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St Peter Church

The church of St Peter was gutted following enemy action in 1940 when central Bristol was blitzed. According to tradition the building had narrowly escaped destruction during the Civil War.

In 1643 the Roundhead Governor of Bristol Castle, Col Nathaniel Fiennes is said to have ordered the demolition of both the nearby St Peter's and St Philip's churches to prevent the beseiging Cavaliers from taking up positions in them. It is claimed that only the arrival of Prince Rupert with a strong army of 20,000 Royalist soldiers stopped this action.

St Peter's was built not long after the castle itself, its founder being Robert Fitzhamon. The only parts of the original Norman structure to survive are the lower stages of the tower.

It was considerably modified and added to in the Early English and Perpendicular style. There were several small chapels dedicated to various saints and the interior of the building would have been brilliantly coloured and gilded.

In 1657 there is record of much repair and the upper portion of the tower and the pinnacles were either added or reconstructed. At this time the church account books record the clearing out of rubble, mending, flooring, making and repairing windows and lead-roofing of the tower. There used to be a large number of memorial brasses, which have been removed, though many had been already stolen according to a 19th century guide book. Some decorative surrounds to monumental tablets still remain in the shell.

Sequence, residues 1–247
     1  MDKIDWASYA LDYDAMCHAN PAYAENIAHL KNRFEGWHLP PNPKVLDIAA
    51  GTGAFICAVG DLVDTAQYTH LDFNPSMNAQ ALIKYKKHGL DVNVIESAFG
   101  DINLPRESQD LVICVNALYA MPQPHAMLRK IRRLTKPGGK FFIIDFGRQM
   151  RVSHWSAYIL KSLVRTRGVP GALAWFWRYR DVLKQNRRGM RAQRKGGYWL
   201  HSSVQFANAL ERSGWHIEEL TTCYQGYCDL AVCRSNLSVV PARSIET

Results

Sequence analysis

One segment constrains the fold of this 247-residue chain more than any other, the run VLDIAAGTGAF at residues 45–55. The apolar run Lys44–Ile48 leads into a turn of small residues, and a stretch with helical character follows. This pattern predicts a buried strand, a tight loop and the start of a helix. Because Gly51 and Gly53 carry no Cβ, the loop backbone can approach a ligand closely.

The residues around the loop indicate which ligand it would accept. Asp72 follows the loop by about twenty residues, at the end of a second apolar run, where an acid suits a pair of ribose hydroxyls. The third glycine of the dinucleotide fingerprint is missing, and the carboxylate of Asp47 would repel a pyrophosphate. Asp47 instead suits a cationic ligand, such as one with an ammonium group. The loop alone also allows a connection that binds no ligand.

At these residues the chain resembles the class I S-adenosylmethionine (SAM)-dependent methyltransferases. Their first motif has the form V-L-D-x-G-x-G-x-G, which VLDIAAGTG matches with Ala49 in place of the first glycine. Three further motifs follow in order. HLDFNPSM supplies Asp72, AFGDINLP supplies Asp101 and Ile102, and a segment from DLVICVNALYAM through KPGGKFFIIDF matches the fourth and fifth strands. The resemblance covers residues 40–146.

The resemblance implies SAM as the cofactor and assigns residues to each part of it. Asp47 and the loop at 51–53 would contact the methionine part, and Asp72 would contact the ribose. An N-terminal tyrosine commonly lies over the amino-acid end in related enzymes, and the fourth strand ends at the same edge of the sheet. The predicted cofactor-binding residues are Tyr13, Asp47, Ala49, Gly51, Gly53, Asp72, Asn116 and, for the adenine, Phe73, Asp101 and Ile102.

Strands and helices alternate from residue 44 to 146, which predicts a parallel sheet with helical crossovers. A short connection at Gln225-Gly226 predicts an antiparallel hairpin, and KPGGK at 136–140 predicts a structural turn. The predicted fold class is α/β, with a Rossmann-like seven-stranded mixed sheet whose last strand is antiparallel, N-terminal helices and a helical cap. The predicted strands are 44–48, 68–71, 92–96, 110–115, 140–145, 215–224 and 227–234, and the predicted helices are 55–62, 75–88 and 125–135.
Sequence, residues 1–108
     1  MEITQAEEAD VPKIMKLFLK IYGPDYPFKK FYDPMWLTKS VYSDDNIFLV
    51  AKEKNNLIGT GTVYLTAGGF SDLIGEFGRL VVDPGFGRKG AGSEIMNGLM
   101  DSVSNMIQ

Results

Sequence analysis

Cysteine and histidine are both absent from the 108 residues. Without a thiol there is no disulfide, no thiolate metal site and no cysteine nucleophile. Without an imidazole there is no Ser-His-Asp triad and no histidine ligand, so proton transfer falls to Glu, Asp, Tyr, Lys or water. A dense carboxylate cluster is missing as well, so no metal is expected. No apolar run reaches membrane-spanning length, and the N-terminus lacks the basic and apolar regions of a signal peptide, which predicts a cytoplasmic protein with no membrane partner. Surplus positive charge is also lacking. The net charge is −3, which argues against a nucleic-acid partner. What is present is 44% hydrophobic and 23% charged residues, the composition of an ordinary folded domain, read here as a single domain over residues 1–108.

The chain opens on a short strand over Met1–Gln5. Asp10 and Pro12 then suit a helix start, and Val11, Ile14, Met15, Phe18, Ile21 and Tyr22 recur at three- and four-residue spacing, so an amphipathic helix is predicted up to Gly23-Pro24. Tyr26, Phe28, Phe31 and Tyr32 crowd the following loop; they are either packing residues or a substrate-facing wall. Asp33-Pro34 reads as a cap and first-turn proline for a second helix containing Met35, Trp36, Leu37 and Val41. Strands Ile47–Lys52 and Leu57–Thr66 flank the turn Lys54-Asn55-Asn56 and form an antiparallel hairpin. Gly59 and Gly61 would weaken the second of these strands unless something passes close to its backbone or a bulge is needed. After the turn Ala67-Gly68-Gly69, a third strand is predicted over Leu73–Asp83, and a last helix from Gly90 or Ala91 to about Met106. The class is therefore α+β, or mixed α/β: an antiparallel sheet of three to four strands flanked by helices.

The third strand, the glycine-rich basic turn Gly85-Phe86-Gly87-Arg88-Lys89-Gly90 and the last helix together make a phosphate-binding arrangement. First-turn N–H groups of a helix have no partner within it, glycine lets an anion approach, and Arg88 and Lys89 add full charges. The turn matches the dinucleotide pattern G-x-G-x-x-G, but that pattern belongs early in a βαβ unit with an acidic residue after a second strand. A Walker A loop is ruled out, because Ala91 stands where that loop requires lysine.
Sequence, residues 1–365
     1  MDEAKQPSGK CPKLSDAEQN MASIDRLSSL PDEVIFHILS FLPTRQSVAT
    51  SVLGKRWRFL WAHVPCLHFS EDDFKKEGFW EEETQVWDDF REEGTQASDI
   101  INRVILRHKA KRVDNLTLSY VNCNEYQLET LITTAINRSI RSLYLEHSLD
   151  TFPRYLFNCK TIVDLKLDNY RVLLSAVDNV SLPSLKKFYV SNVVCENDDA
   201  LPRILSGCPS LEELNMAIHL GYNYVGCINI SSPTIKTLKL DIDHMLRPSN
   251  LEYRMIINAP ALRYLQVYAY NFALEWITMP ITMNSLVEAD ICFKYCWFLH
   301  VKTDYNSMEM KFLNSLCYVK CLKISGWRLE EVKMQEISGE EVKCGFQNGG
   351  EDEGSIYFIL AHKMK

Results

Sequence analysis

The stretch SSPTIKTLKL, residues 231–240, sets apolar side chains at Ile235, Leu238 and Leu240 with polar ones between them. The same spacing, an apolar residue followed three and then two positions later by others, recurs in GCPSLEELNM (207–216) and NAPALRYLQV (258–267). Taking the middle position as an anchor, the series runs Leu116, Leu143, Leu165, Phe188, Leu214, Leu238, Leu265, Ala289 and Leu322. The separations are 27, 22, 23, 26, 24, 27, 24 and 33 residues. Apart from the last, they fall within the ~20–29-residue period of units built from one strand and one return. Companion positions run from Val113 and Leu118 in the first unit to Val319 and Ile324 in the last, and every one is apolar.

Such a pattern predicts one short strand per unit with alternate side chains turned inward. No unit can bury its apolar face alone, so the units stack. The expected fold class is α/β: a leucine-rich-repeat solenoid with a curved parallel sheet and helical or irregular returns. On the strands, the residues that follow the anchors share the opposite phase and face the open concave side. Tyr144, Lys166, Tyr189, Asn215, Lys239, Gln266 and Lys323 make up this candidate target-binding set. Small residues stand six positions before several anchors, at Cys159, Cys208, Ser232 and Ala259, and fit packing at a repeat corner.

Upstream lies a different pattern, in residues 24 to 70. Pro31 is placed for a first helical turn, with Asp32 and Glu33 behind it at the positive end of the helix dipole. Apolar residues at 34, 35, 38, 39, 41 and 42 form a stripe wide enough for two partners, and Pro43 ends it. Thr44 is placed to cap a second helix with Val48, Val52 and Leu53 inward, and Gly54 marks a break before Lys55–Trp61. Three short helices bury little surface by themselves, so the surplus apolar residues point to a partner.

Behind St Peter's church stood a timbered, gabled mansion called St Peter's Hospital, a total casualty of the blitz. A house had stood on the site since at least 1400, but it was acquired by Robert Aldworth, a wealthy merchant in 1607 and completely rebuilt. Thomas Elbridge owned it in 1634 and later, for a short time, part of the building was the Bristol Mint,. However its main claim to fame was as the paupers' workhouse after the Corporation purchased it for £800 in the 18th century.

The whole of this blitzed area was transformed into Castle Park. The picture below shows a view of the park from across the river at St Philip's Bridge. Besides St Peter, the tower of St Mary Le Port (at left, just inside the park), All Saints' cupola and the spire of Christ Church with St Ewen are visible.

In 2008 a memorial was erected on St Peter's, inscribed with the names of those civilians and auxiliary personnel killed in Bristol during the Blitz.
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